Therefore the ‘mind’ is not something inside us. Indeed, it is important to appreciate that it is not a ‘thing’ at all. It is the various capacities the human organism possesses to respond in a particularly sophisticated way to the world around it. These capacities are not separable from the human organism as a whole, including its physical body. The mind-body problem is, to use Hacker’s example, like trying to relate the colour of a five pound note to its value: ‘A £5 note is green and has a value of £5 but the colour green does not stand in any relationship to the value of £5’ (P 283).
In a brief history of teleology, Hacker describes how Aristotle’s views were adapted by Christianity, which introduced a divine Creator, a designer. Henceforth, the purpose of life became to manifest the intentions of the Creator rather than to fulfill the intrinsic nature of the organism in question. Purpose became entwined with design. This modified teleological view was then killed off by modern science, which expunged teleology from its view of the Universe, and attempted to apply the principles of physics to all understanding, including the study of human beings — both their biology and their activity. The modern scientific framework therefore analyses all aspects of the world as a mechanical system, in terms of cause and effect. Instead of looking at the underlying purposes of organisms and how their biological structure enables them to fulfil these, there is a search for the ‘causes’ of certain situations or outcomes. For Hacker this is a mistake. Although some aspects of biology can be understood in causal terms, a rich and complete understanding of life depends on understanding its purposive nature.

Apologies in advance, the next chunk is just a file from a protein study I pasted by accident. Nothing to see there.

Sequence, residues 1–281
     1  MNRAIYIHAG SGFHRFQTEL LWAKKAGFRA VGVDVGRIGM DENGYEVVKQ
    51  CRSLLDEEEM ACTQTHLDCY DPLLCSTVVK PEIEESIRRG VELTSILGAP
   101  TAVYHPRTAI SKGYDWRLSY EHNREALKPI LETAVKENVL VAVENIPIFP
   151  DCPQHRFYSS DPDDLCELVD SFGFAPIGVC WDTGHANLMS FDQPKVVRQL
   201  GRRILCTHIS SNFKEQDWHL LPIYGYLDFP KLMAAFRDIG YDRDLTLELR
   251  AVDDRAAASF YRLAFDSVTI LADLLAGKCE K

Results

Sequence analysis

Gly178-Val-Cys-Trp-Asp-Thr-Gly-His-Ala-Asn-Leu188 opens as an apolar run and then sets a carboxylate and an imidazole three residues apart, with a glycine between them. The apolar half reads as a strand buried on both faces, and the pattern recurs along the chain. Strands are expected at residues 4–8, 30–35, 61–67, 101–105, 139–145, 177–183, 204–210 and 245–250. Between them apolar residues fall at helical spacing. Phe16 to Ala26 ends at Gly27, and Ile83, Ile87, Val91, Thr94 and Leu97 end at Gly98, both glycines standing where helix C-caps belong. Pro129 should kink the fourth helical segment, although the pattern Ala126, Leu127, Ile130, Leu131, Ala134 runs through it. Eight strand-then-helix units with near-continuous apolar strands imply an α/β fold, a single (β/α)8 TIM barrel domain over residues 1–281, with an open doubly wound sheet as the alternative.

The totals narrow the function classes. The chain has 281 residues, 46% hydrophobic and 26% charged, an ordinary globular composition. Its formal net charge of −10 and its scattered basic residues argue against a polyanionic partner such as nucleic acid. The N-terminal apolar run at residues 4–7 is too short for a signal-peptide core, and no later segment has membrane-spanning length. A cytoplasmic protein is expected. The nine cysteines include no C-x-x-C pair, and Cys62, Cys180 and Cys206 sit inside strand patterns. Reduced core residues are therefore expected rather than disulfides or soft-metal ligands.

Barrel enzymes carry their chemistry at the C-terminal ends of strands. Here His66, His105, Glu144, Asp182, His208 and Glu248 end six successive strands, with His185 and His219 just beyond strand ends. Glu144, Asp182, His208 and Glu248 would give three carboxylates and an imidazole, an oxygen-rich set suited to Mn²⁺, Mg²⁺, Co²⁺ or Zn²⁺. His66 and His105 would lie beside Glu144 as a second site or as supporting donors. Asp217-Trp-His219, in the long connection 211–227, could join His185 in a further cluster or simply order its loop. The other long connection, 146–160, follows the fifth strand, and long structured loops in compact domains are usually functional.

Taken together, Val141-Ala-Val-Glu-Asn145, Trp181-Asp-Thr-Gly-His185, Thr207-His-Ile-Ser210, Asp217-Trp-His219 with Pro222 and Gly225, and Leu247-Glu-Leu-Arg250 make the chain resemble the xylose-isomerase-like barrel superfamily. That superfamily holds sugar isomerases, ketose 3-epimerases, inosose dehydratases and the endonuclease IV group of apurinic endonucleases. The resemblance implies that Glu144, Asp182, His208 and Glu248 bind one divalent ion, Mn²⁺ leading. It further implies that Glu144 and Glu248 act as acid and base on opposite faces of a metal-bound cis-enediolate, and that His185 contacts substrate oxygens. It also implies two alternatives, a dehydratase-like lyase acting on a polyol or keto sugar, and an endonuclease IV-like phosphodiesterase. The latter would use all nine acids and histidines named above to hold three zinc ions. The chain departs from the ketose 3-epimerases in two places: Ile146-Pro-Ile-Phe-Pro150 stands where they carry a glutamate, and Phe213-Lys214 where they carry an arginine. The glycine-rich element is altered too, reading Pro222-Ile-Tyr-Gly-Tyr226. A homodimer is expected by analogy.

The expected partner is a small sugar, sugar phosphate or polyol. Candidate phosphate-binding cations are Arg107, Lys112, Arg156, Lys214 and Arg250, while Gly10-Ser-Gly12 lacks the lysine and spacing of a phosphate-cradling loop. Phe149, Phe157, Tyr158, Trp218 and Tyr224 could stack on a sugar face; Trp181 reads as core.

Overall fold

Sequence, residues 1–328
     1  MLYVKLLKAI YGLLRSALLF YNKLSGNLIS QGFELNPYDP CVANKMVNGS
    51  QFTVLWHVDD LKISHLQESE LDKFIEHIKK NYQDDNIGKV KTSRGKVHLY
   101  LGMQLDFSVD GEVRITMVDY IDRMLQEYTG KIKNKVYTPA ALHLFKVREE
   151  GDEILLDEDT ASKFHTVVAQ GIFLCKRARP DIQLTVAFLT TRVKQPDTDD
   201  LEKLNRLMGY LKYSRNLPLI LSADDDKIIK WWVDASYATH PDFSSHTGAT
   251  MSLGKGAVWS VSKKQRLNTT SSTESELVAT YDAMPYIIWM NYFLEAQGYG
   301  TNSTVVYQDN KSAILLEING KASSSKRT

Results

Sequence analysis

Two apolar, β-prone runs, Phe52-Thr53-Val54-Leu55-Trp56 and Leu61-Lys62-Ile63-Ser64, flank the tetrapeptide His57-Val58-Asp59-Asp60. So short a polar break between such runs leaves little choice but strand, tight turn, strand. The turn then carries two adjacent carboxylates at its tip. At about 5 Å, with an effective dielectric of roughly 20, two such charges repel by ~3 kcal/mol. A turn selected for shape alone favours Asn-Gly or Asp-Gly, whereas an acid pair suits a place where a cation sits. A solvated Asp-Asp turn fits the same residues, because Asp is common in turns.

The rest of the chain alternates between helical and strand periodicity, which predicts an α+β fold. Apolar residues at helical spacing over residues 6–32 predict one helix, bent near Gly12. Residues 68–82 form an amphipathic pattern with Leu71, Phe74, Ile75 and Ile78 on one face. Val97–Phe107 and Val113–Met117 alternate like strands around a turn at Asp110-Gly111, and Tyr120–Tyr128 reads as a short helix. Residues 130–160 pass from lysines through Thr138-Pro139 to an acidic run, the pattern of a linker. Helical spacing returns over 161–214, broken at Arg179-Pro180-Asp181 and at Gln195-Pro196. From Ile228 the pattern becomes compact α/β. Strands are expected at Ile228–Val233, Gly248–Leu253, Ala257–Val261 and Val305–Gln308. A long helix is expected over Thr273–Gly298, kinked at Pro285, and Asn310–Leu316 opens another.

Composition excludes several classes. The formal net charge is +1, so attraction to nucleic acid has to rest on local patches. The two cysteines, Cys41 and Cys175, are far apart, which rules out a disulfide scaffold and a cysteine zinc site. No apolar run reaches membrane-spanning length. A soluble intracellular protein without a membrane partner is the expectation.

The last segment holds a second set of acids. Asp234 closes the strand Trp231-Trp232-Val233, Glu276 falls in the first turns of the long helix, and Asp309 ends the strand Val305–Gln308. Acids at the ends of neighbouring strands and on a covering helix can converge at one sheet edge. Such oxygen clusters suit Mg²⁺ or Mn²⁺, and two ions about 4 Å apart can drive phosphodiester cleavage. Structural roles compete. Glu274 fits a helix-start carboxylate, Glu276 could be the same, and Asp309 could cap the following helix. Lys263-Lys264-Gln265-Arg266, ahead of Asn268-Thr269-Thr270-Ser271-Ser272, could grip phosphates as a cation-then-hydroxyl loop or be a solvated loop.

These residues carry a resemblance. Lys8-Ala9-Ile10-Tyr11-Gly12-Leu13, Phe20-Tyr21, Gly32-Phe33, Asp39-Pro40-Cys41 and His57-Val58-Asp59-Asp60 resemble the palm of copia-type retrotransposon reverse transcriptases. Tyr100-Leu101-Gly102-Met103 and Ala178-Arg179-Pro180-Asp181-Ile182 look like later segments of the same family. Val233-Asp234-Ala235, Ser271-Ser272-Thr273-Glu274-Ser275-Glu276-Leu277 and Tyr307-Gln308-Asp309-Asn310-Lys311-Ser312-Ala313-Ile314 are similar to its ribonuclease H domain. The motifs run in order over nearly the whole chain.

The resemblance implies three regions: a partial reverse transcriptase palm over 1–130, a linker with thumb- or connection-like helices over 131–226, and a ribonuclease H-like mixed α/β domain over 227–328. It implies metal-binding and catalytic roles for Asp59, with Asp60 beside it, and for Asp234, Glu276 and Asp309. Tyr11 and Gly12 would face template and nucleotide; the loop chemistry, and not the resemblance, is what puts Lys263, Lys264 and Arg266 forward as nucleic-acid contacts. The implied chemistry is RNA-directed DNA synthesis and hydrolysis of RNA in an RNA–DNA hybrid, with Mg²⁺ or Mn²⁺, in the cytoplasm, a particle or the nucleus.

Hacker, like other thinkers,6 stresses the difference between nomothetic and idiographic forms of knowledge. The nomothetic is the typical scientific model which looks for generalities and universal laws, and analyses events in terms of cause and effect. The idiographic approach attempts to understand ‘something particular’ (P 162) by reference to its unique circumstances and antecedents. Hacker further distinguishes teleological, nomothetic explanations, which are those that are framed in terms of function, which he refers to as ‘teleonomic,’ for example the functions of bodily organs or instinctive or reflexive animal behaviour. Teleological explanations of human actions, on the other hand, are idiographic. They ‘render an act intelligible but not by relating it to a regularity or law’ (P 162). The idiographic approach does seek generalities, but not universals and it explains by reference to reasons not causes. As Hacker suggests in his third volume of the series on The Passions, we use art and literature to illustrate and explore various forms of emotion and feeling — both the familiar and the more unusual.7 We do not explain emotions by constructing a formula to predict what feeling will occur in a particular set of circumstances, we look to art to help us understand those aspects of our common human experience that are difficult to describe directly.